Legislators Voice Concerns Over Troubled Medicare Appeals Process

Legislators voiced concerns over aggressive Medicare audit contractors and the current Medicare appeals process in a congressional hearing on May 20, 2014. As reported by Modern Healthcare, legislators from both sides of the aisle voiced concerns regarding federal investigations into potential Medicare fraud having the collateral effect of unfairly punishing providers who have done nothing wrong. While there is a strong desire to stop Medicare fraud, there is also serious concern that the current Medicare appeals process used by providers to appeal wrongly denied reimbursement is broken. And the time and financial impact of appealing can be significant, particularly for small providers.

The Director of CMS’ Center for Program Integrity, Dr. Shantanu Agrawal, faced questions regarding the agency’s enforcement actions and reportedly explained that “CMS must strike an important balance while overseeing the Medicare program: limiting the administrative burden on legitimate providers and suppliers to preserve beneficiary access to necessary healthcare services while fulfilling our obligation to ensure taxpayer dollars are not lost to waste, abuse and fraud.”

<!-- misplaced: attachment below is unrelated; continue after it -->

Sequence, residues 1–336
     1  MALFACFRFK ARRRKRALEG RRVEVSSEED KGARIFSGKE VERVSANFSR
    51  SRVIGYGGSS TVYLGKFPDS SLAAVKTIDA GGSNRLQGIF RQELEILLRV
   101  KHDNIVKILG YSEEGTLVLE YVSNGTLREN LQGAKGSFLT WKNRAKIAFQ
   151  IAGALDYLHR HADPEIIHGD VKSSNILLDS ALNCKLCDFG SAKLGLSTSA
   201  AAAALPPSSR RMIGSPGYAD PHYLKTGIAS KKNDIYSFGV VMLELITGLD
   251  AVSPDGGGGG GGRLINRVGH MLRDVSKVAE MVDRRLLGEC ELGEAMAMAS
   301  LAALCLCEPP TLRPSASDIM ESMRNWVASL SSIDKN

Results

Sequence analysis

The current Medicare appeals process also came under scrutiny. Dr. Agrawal testified that the first two levels of appeal, redetermination and reconsideration, which are handled by CMS contractors, are functioning efficiently. The breakdown occurs when providers appeal to the third level, seeking an administrative law judge (ALJ) hearing from the Office of Medicare Hearings and Appeals. In July 2013, CMS implemented a two-year moratorium on the assignment of new appeals to ALJs due to the existing backlog of cases. This delay in hearings and appeal determinations forces providers to wait extended periods of time in order to receive payment for services and treatment they provided, often placing significant strain on financial resources. In the post-payment audit context, providers may be subject to recoupment of the alleged overpayment amount from their current Medicare payments following the second-level reconsideration determination. While the situation is problematic for all providers, the delayed appeal adjudications may have disastrous effects on small practices and facilities.

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